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Common questions about Illinois workers’ compensation laws

| May 6, 2014 | Workers’ Compensation

Most employees in Chicago, Illinois, know they have the right to seek compensation if they are injured at work. However, beyond that basic knowledge, many employees know little about the state’s workers’ compensation laws. Most employees, especially those currently facing injuries, can benefit from learning about their rights under the Illinois Workers’ Compensation Act.

Coverage and benefits

Many employees wonder what kind of injuries and circumstances qualify for coverage. Illinois follows no-fault workers’ compensation laws, so the fault of the employee and employer are not considered when benefits are awarded. However, an employee must clearly prove that an injury arose out of the course of employment. Employees can seek compensation for repetitive stress injuries and pre-existing conditions worsened by a job’s particular demands. For these claims, employees do not need to identify a specific accident that caused the injury.

It is also common for employees to have questions about the workers’ compensation benefits available. Employers must pay all reasonable medical costs associated with workplace injuries. While they are recovering, employees are entitled to Temporary Total Disability or Temporary Partial Disability benefits. Employees who are permanently disabled can seek Permanent Total Disability or Permanent Partial Disability benefits, depending on the extent of the disability. Employees who can no longer perform their current jobs are also entitled to coverage of vocational rehabilitation expenses.

Legal considerations

Many employees have additional questions about the process of making a claim. After an injury occurs, an employee must provide notification to his or her employer within 45 days. The Illinois Workers’ Compensation Act requires employees to make a claim within three years of the date of injury or two years from the last date any benefits were paid. If any injury occurs gradually over time, the deadlines apply from the time the injury was discovered.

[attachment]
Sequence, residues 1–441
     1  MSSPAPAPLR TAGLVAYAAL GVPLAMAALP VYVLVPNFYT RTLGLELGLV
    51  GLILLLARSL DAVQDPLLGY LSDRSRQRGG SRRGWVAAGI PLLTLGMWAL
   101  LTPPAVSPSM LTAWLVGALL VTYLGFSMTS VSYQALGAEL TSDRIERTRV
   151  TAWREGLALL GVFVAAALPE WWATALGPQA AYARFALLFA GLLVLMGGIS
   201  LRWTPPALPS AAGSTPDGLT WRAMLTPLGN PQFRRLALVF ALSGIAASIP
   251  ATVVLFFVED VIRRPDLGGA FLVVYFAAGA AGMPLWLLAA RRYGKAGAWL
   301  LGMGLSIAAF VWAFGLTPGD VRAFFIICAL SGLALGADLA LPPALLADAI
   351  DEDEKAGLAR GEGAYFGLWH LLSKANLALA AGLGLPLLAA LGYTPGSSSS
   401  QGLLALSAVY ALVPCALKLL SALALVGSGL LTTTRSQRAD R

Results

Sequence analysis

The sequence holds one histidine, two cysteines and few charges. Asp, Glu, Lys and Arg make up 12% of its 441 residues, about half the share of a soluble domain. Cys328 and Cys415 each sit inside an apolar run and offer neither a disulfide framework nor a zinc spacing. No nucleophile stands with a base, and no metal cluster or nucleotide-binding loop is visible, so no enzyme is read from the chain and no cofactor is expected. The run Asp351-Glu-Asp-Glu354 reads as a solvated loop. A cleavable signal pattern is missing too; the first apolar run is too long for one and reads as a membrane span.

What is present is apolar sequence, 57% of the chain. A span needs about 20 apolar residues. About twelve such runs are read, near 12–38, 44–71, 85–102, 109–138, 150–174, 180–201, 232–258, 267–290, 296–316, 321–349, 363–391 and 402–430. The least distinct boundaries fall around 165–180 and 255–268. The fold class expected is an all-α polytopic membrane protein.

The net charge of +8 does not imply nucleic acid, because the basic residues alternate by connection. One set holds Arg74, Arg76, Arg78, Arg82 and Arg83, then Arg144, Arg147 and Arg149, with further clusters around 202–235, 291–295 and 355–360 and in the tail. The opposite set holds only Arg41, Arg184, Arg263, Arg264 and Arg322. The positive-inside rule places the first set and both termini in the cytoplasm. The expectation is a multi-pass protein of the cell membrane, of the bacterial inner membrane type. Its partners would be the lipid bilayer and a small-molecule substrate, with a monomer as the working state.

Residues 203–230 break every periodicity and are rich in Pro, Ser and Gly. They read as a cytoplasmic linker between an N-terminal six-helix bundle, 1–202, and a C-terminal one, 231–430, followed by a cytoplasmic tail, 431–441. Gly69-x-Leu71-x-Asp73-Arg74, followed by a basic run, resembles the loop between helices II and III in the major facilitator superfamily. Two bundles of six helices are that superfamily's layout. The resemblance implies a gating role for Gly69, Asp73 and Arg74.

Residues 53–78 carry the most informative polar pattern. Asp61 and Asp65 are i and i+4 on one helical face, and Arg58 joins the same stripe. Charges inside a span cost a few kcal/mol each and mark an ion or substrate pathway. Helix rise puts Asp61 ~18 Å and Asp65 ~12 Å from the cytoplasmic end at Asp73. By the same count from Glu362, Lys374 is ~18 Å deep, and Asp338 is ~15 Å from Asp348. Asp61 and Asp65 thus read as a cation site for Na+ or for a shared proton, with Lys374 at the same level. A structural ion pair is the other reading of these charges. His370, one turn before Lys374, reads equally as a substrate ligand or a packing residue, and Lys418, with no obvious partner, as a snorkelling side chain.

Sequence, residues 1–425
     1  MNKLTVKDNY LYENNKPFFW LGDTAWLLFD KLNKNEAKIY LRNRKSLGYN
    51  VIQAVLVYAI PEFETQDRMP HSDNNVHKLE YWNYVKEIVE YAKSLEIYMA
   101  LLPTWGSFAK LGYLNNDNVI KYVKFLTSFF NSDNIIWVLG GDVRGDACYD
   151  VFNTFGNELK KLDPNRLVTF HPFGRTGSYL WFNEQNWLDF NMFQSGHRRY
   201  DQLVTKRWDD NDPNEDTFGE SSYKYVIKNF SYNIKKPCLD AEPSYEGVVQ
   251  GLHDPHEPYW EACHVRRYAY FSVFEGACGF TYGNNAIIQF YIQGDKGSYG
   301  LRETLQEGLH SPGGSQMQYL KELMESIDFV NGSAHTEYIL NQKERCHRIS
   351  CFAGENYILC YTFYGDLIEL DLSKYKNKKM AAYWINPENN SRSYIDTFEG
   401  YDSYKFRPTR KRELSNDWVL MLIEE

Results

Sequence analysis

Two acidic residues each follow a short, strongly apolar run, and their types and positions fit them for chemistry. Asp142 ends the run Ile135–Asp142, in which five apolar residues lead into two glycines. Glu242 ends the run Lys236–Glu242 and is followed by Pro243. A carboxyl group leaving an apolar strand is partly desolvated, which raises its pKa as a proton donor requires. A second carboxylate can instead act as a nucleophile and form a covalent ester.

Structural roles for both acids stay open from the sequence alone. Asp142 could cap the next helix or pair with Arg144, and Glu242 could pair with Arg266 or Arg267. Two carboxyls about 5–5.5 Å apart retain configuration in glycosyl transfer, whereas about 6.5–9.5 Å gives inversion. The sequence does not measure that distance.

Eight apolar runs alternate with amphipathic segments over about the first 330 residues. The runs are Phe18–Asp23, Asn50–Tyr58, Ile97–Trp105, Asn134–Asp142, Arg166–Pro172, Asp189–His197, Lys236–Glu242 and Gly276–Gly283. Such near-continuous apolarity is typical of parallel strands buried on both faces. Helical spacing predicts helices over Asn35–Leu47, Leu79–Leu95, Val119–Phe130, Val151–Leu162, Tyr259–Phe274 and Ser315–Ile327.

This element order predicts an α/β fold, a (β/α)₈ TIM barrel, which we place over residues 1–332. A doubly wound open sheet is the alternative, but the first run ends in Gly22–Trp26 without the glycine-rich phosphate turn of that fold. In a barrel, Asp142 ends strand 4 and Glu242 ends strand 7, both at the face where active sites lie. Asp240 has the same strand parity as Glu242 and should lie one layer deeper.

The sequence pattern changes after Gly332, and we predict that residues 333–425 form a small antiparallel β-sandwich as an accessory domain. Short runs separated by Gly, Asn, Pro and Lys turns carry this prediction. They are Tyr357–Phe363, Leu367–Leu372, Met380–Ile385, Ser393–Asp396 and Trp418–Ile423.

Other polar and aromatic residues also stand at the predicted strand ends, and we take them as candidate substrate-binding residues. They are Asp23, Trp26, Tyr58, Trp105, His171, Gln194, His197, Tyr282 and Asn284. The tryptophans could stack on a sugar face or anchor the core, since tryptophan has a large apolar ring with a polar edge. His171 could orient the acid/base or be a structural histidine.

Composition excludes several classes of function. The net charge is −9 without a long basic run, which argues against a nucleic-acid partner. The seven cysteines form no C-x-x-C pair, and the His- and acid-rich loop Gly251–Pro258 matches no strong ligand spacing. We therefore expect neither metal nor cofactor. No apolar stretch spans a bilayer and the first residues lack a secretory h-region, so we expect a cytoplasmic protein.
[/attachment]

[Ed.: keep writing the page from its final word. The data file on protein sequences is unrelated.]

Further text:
Employees who are uncertain about filing a claim should understand that the law protects them against being fired or otherwise discriminated against for making the claim. Employees should also know they are not suing their employers; Illinois law expressly forbids this. Employees who file claims are simply seeking benefits from the insurance company providing the workers’ compensation policy to the employer.

Injured employees can best protect their rights by seeking qualified legal help. Workers’ compensation attorneys have experience dealing with insurance companies and helping injured employees receive all of the benefits they are entitled to. An attorney can also ensure that an employee does not make missteps in filing the claim or accept too small of a settlement. Employees who have already had claims denied may especially benefit from seeking legal help to improve their likelihood of winning an appeal.